The article incorrectly referred to HealthSouth as an "insurance giant." HealthSouth is not an insurance company; it is a health-care provider.
|Page 2 of 4 < >|
Heather Podesta, a Storm in the Summer of the Lobbyist
Now, get ready for the Summer of the Lobbyist.
In a glum economy, the lobbying business feels kind of bubbly. Every new Obama proposal comes with acres of fine print for corporate powers, interests groups and lobbyists to haggle over, profitably. Three gargantuan legislative challenges -- health care, the environment, the economy -- crisscrossing at once on Capitol Hill. Major health-care interests alone are spending $1.4 million this year lobbying Congress . . . per day, according to Common Cause, a government watchdog group. A lobbyist's delight created, ironically, by the let's-solve-all-our-problems-RIGHT-NOW approach of a president who pooh-poohed the excesses of lobbyists.
"This is a very good time to be a Democratic lobbyist . . . it's incredibly exciting to be able to engage with Democrats and really see things happen," Podesta says one afternoon at her office in one of those cool, restored red-brick buildings on E Street. "It's always a good time to be Heather Podesta."
There are more than 12,500 registered lobbyists -- about 23 for every member of Congress, according to the Center for Responsive Politics -- and some are getting richer while others stagnate or even dip a bit because of all of this pesky recession talk. But those who operate at the confluence of this summer's big three legislative streams are happiest of all.
Podesta is right there in the eddy, an It Girl in a new generation of young, highly connected, built-for-the-Obama-era lobbyists. She gets an undeniable boost from a famous name -- she is the sister-in-law of John Podesta, the insider's insider who was Bill Clinton's White House chief of staff and Obama's transition director, and the wife of über-lobbyist Tony Podesta. Heather and Tony run his-and-hers lobbying shops. His grew a staggering 57 percent in the first six months of this year compared with the same period the year before, taking in $11.8 million, fourth-highest among major lobbying firms. (Full disclosure: Tony Podesta has long represented The Washington Post, which paid him $10,000 in 2009 and $80,000 the year before, according to the Center for Responsive Politics.) Her six-person shop grew even faster, rocketing 65 percent to $3.4 million.
The Scarlet 'L'
Few Washington lobbyists do "The Ask" with more whimsy than Heather Podesta, a leggy 39-year-old with striking streaks of silver in her black hair, a flirty style and a lawyer's eye for detail. In a sea of Washington gray, Podesta has a penchant for flamboyantly patterned dresses -- a Brazilian number featuring the image of a cassette tape one recent afternoon. She once read one of those networking manuals and she took its advice to heart: Wear interesting clothing or jewelry to spark conversations; no matter where you are, pretend you're the hostess.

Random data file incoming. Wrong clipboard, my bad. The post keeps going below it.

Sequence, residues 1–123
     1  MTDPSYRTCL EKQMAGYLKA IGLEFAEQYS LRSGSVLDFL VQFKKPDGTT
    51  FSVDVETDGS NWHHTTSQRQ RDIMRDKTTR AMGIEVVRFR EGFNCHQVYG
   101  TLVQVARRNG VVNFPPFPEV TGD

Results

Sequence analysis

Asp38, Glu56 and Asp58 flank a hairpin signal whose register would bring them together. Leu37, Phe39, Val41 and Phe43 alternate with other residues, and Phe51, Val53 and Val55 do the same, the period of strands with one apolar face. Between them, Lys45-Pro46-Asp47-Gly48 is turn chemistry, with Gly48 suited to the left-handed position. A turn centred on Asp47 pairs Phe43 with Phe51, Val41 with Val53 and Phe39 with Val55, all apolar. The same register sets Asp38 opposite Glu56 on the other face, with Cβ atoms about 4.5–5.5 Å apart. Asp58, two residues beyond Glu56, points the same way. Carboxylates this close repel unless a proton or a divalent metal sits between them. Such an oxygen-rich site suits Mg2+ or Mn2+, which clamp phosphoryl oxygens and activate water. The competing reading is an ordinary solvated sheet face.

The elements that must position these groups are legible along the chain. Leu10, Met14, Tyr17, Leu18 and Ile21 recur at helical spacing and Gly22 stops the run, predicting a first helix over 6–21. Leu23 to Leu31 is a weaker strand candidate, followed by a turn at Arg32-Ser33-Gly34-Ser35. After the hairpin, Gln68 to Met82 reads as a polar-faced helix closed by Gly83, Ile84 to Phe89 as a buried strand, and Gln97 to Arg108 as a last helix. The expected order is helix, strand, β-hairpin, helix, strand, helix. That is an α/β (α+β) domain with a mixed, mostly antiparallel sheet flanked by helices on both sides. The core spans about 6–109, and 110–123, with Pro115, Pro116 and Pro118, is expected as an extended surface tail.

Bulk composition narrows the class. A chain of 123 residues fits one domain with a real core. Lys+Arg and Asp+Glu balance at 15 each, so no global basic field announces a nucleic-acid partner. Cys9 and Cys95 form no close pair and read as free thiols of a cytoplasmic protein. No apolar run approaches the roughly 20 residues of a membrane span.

This took some doing for the daughter of two academics who grew up in a Rochester, N.Y., home, far removed from A-list soirees. "There is this 12-year-old geeky girl in me who just wants to read books and have nothing to do with anyone," Podesta says. "Big glasses, jeans too short, wearing running sneakers. Total geek."
Now, it's all about hosting a luncheon for "kick-ass women" at the Pakistani Embassy and cheekily urging guests to "slip on your Birkenstocks" for a fundraiser in honor of that Senatorial Deadhead himself, Patrick Leahy of Vermont. Sometimes, she might be too cheeky, though -- Sen. Dianne Feinstein of California canceled a Podesta fundraiser in June amid the tut-tutting over an invitation sent out by Podesta that said "the prix fixe includes the Select Committee on Intelligence for the first course followed by your choice of Appropriations, Judiciary or Rules committees."
At last year's Democratic convention, Podesta wore a scarlet L to razz Obama for talking so much about curbing lobbyist enthusiasm. She rejected about a dozen mock-ups before settling on a Gothic-style letter, which became such a popular giveaway that she blew through 100 of them.
"Everybody was talking about it at the convention," says Podesta pal Leahy, the Senate Judiciary chairman, who says Heather is invariably "the most knowledgeable person in the room because she's done her homework."
In this Summer of the Lobbyist, Heather Podesta hits each of the big three. She's got health-care clients such as insurance giants Cigna and HealthSouth, drugmaker Eli Lilly and the breast cancer group Susan G. Komen for the Cure; financial powerhouses such as Prudential and Swiss Reinsurance Co.; and energy outfits such as Marathon Oil, the major utility Southern Co. and Climate Masters, a geothermal heating firm.
Cigna has her pushing for an employer-based health system, says the company's general counsel, Carol Petren; Eli Lilly has her bird-dogging drug regulation, especially in the "follow-on biologics" field considered promising in the fight against cancer, in hopes of "preserving incentives for innovation," says Joe Kelley, the company's vice president of government and public affairs.